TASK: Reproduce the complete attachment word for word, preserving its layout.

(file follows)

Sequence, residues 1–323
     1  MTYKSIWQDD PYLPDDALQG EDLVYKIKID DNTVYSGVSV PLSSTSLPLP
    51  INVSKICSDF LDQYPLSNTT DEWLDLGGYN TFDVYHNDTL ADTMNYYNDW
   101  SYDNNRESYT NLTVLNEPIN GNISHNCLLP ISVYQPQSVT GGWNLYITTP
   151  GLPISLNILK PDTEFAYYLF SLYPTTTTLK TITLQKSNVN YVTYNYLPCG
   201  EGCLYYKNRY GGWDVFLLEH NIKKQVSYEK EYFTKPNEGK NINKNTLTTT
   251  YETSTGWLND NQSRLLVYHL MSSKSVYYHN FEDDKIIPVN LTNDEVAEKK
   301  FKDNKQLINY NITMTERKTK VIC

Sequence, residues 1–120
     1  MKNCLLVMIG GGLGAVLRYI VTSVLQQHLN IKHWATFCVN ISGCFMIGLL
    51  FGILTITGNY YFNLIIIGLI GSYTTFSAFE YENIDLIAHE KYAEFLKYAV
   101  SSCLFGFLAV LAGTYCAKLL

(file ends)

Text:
Sequence, residues 1–323
     1  MTYKSIWQDD PYLPDDALQG EDLVYKIKID DNTVYSGVSV PLSSTSLPLP
    51  INVSKICSDF LDQYPLSNTT DEWLDLGGYN TFDVYHNDTL ADTMNYYNDW
   101  SYDNNRESYT NLTVLNEPIN GNISHNCLLP ISVYQPQSVT GGWNLYITTP
   151  GLPISLNILK PDTEFAYYLF SLYPTTTTLK TITLQKSNVN YVTYNYLPCG
   201  EGCLYYKNRY GGWDVFLLEH NIKKQVSYEK EYFTKPNEGK NINKNTLTTT
   251  YETSTGWLND NQSRLLVYHL MSSKSVYYHN FEDDKIIPVN LTNDEVAEKK
   301  FKDNKQLINY NITMTERKTK VIC

Sequence, residues 1–120
     1  MKNCLLVMIG GGLGAVLRYI VTSVLQQHLN IKHWATFCVN ISGCFMIGLL
    51  FGILTITGNY YFNLIIIGLI GSYTTFSAFE YENIDLIAHE KYAEFLKYAV
   101  SSCLFGFLAV LAGTYCAKLL